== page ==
Nunatsiaq Online
NEWS: Nunavut May 30, 2014 - 9:30 am

Nunavut corrections staff to receive mental health training

Awareness timely in light of prison watchdog report

DAVID MURPHY
Nunavut's Justice Minister Paul Okalik said corrections staff are currently receiving mental health training. (PHOTO BY DAVID MURPHY)
Nunavut's Justice Minister Paul Okalik said corrections staff are currently receiving mental health training. (PHOTO BY DAVID MURPHY)

Nunavut corrections and probation staff are getting a lesson in mental health this week.

Thirty-two corrections and probation officers will start a three-day training program today to help them recognize an assortment of mental health symptoms, Justice Minister Paul Okalik said in the Nunavut legislative assembly May 29

“Mental health first aid will give our correction and probation officers the skills needed to provide early help on an individual’s road to recovery,” Okalik said.

Okalik said that, historically, the department offered only suicide intervention training.

The mental health first aid program, which Okalik said is being held in Iqaluit and offered across Nunavut, trains officers on how to recognize symptoms of unstable mental health in inmates and colleagues, including depression, stress and suicide.

There’s a history of suicide at Baffin Correctional Centre, too — either inmates dying by suicide or attempting to take their own lives.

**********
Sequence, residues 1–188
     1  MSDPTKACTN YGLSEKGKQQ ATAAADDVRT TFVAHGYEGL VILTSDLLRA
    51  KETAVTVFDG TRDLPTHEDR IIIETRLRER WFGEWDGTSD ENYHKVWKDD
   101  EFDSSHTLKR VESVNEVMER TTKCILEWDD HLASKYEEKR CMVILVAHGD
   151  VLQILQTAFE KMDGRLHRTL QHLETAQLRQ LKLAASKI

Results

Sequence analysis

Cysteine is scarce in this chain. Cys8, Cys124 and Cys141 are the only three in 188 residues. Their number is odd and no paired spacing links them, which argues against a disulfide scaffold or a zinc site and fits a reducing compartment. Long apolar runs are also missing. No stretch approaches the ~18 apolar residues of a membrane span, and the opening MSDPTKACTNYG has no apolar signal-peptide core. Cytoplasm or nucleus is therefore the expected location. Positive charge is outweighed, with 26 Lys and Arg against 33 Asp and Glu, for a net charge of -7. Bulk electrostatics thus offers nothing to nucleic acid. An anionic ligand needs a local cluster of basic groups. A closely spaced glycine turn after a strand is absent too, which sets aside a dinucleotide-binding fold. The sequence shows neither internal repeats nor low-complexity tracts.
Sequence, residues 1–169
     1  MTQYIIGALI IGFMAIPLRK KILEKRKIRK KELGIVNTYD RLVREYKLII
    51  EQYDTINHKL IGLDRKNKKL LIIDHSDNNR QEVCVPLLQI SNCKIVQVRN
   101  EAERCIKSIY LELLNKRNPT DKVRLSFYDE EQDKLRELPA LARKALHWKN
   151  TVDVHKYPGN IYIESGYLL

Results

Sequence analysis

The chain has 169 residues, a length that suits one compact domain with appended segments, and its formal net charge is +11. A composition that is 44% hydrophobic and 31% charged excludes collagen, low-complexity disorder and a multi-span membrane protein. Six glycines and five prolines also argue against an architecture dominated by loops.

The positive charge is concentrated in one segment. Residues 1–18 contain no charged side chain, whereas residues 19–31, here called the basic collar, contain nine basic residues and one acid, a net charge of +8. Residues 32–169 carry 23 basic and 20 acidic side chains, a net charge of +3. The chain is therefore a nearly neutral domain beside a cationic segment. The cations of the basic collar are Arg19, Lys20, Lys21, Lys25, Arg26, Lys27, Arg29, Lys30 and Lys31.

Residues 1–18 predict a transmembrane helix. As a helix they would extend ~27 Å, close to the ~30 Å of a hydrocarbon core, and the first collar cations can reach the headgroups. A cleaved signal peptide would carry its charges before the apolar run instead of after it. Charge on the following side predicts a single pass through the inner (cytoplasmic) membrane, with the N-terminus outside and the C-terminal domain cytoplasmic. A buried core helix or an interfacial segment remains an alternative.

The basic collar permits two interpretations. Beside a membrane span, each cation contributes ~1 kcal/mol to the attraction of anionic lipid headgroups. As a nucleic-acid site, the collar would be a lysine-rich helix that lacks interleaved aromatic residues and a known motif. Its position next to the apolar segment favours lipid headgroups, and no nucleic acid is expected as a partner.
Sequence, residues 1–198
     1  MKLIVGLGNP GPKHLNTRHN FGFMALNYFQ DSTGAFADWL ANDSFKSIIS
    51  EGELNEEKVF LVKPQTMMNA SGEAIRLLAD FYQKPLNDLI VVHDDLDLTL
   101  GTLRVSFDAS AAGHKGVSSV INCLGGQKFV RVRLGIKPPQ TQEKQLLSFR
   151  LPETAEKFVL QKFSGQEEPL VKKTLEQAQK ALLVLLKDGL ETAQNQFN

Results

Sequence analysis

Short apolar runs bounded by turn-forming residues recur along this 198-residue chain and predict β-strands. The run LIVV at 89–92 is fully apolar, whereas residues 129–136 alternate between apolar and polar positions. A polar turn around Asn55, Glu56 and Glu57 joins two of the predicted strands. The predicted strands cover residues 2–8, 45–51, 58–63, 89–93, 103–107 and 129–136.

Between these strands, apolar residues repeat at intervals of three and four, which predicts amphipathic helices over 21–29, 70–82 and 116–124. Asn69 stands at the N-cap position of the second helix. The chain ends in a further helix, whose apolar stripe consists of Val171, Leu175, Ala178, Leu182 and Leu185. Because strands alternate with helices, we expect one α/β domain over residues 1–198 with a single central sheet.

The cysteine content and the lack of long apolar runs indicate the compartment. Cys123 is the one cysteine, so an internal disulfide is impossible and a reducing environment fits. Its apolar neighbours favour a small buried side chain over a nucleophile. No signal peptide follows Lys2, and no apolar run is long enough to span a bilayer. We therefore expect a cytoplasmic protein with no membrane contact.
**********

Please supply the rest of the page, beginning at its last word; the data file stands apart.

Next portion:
And the new program might be more important now than ever.

The federal Office of the Correctional Investigator found that conditions at Baffin Correctional Centre are “nothing short of appalling” in a 2013 report.

The federal prison watchdog’s report found that BCC is violates international human rights standards.

“Cells are overcrowded beyond acceptable standards of safe and humane custody,” the report said.

For the mental health first aid program, there’s also a “northern component.” 

The component will train the officers in “some unique factors that are present in northern communities” and how people in communities can help those in need.

This part of the training comes from many examples given by elders, Okalik said.

Okalik also reminded the house about the prevalence of mental health problems in Canada.

“One in three Canadians will experience mental health problems during their lives,” Okalik said.

“Like getting a cold or infection, mental health problems must be detected and treated early.”

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